Category: Scholar Reports

Greetings from the Associate Director (Acting Director 2018-2019)

Dr. Sarah K. Kozlowski, Assistant Director
The Edith O’Donnell Institute of Art History

After a restorative winter break spent reconnecting with family and returning to my own writing, I am ready to leap into the new semester. I’m particularly looking forward to participating in our spring line-up of scholarly programs at the Institute, continuing to mentor our wonderful group of Master’s students and preparing to welcome our second class this fall, developing our programming at The Wilcox Space, and tending to our fledgling Center for the Art and Architectural History of Port Cities in Naples.

Our first semester at the Center in Naples was busy and intense, full of successes both large and small—our study day on the ancient port of Naples with Rabun Taylor of UT Austin was a highlight, as well as our series of visiting scholars (Sabina de Cavi, Nora Lambert, Silvia Armando, Kristen Streahle, and Julie Beckers) who gave informal seminars on their work for our Research Residents and Capodimonte colleagues. 

No less exciting have been the many discoveries that our Residents have made on the ground in Naples and in the archives. Throughout the semester, our extraordinary Research Coordinator Francesca Santamaria has led our residents on visits to collections, libraries, archives, conservation studios, and other sites in Naples.

I’ll make my next trip to Naples in February, when we’ll welcome scholars Brigitte Marin and Ivan Foletti to lead seminars with our Residents. And at the end of May we will host a scholars’ seminar on research approaches to the movement of artworks, artists, and artists’ materials between the Italian and Iberian peninsulas in the premodern world. 

Organized in collaboration with my colleague and friend Sabina de Cavi, the program will include seminar-style presentations, roundtable conversations, and site visits to archives throughout the city. At the same time, we are already looking ahead to the next academic year; you will find a call for applications for 2019-2020 Research Residencies in Naples here.

There have been growing pains over these first months too—we are still working to secure a strong and reliable wireless signal, for example! But passo dopo passo we are hitting our stride, and I am constantly reenergized by the intellectual life that is springing up right in the heart of the Bosco di Capodimonte. Colleagues at institutions throughout the city, and most importantly at the Museo di Capodimonte, have opened their doors to us with warmth and enthusiasm. In ways large and small they have supported our Residents’ research and helped us establish the Center’s scholarly presence in Naples.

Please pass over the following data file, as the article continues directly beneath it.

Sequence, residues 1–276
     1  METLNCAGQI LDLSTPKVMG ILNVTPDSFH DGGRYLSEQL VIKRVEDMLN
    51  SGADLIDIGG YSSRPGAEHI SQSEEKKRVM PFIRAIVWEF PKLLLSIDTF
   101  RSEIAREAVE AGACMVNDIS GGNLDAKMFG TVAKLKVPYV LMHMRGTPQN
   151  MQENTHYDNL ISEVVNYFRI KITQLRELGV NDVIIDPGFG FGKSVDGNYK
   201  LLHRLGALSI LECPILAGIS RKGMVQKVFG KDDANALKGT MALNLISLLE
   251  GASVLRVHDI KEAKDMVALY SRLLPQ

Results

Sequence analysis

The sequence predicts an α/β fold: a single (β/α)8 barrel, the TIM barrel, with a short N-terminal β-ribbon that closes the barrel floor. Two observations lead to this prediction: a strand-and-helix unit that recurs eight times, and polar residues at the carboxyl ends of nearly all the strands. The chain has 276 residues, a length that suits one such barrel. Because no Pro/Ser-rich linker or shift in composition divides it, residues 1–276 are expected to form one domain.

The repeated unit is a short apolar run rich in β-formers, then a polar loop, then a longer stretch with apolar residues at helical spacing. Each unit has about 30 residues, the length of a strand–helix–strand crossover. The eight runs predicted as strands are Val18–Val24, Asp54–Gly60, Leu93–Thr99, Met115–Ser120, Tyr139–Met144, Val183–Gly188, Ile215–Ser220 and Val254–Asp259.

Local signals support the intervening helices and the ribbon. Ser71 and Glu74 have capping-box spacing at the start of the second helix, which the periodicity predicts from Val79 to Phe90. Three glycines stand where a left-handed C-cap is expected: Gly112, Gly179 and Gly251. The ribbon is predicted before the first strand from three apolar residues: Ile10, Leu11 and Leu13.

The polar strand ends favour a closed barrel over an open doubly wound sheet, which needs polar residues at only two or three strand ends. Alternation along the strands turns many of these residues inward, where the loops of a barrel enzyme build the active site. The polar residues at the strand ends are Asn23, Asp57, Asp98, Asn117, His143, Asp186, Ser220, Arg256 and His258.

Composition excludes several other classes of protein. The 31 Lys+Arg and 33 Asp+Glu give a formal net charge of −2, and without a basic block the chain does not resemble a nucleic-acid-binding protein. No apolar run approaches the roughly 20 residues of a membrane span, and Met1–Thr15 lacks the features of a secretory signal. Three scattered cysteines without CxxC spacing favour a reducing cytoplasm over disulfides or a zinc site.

I am convinced that our work at the Center will make an important contribution to new research on Naples, south Italy, and the Mediterranean. And I am thrilled that the O’Donnell Institute’s scholarly presence on the Bay of Naples will become even more important beginning this summer, when we will welcome the archeologist Michael Thomas as the Institute’s new Director—one of Michael’s current research focuses is at the Roman site of Oplontis, just south of Naples. The future is bright for the O’Donnell Institute, both in Dallas and in Naples! 

Dr. Sarah K. Kozlowski

Associate Director (Acting Director 2018-2019)

The Edith O’Donnell Institute of Art History

Research Residents, Capodimonte colleagues, and Research Coordinator Francesca Santamaria visit the studio of the conservator Bruno Arciprete

Colleagues from the Center, the Capodimonte, and the Bibliotheca Hertziana visit the Museo Archeologico with UT Austin Professor Rabun Taylor during a study day on the Ancient Port of Naples

Research Residents Elizabeth Duntemann, Fabrizio Ballabio, Anatole Upart, and Peter Levins

Research Residents Justinne Lake-Jedzinak and Sara
Berkowitz in the conservation studio of the Capodimonte

Dr. Maximilian Schich, EODIAH Acting Assistant Director, Associate Professor in Arts and Technology


In Spring 2019, Maximilian Schich is teaching a course in Data-driven Art History “From Warburg to Deep Learning”. The purpose of the course is to connect cutting edge computational methods with relevant methods established in art history throughout the last century to enable actionable understanding for both qualitative and quantitative practitioners. Course participants include students in the Art History MA program, and students from natural sciences.

Research work continues in several multidisciplinary projects, including a collaborative computational analysis of Chromatic Structure and Family Resemblance in Large Art Collections, and a collaboration with physicists regarding the Evolution of the Paris Salon. A monographic book publication Outlining a Systematic Science of Art and Culture is upcoming.